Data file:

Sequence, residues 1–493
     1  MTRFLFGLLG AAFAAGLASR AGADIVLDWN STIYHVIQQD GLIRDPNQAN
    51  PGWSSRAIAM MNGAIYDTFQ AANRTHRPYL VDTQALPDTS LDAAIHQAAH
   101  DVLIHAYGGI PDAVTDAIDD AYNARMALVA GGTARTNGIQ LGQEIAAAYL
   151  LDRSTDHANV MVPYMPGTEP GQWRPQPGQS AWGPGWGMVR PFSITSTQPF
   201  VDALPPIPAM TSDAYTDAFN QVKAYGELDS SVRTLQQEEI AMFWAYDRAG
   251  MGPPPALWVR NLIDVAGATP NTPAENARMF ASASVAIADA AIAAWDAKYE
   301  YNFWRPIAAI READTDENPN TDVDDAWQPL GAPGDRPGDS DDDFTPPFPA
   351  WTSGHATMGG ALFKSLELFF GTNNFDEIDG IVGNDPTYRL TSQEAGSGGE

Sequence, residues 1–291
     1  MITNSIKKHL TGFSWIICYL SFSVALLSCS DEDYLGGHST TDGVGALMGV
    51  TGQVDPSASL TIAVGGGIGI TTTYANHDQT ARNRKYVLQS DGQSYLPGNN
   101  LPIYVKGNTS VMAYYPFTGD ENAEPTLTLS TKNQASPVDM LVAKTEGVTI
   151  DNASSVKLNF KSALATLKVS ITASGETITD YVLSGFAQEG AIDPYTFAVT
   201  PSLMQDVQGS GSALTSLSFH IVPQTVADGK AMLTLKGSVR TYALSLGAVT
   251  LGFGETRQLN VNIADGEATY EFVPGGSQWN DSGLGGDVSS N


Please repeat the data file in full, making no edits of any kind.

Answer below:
Sequence, residues 1–493
     1  MTRFLFGLLG AAFAAGLASR AGADIVLDWN STIYHVIQQD GLIRDPNQAN
    51  PGWSSRAIAM MNGAIYDTFQ AANRTHRPYL VDTQALPDTS LDAAIHQAAH
   101  DVLIHAYGGI PDAVTDAIDD AYNARMALVA GGTARTNGIQ LGQEIAAAYL
   151  LDRSTDHANV MVPYMPGTEP GQWRPQPGQS AWGPGWGMVR PFSITSTQPF
   201  VDALPPIPAM TSDAYTDAFN QVKAYGELDS SVRTLQQEEI AMFWAYDRAG
   251  MGPPPALWVR NLIDVAGATP NTPAENARMF ASASVAIADA AIAAWDAKYE
   301  YNFWRPIAAI READTDENPN TDVDDAWQPL GAPGDRPGDS DDDFTPPFPA
   351  WTSGHATMGG ALFKSLELFF GTNNFDEIDG IVGNDPTYRL TSQEAGSGGE

Sequence, residues 1–291
     1  MITNSIKKHL TGFSWIICYL SFSVALLSCS DEDYLGGHST TDGVGALMGV
    51  TGQVDPSASL TIAVGGGIGI TTTYANHDQT ARNRKYVLQS DGQSYLPGNN
   101  LPIYVKGNTS VMAYYPFTGD ENAEPTLTLS TKNQASPVDM LVAKTEGVTI
   151  DNASSVKLNF KSALATLKVS ITASGETITD YVLSGFAQEG AIDPYTFAVT
   201  PSLMQDVQGS GSALTSLSFH IVPQTVADGK AMLTLKGSVR TYALSLGAVT
   251  LGFGETRQLN VNIADGEATY EFVPGGSQWN DSGLGGDVSS N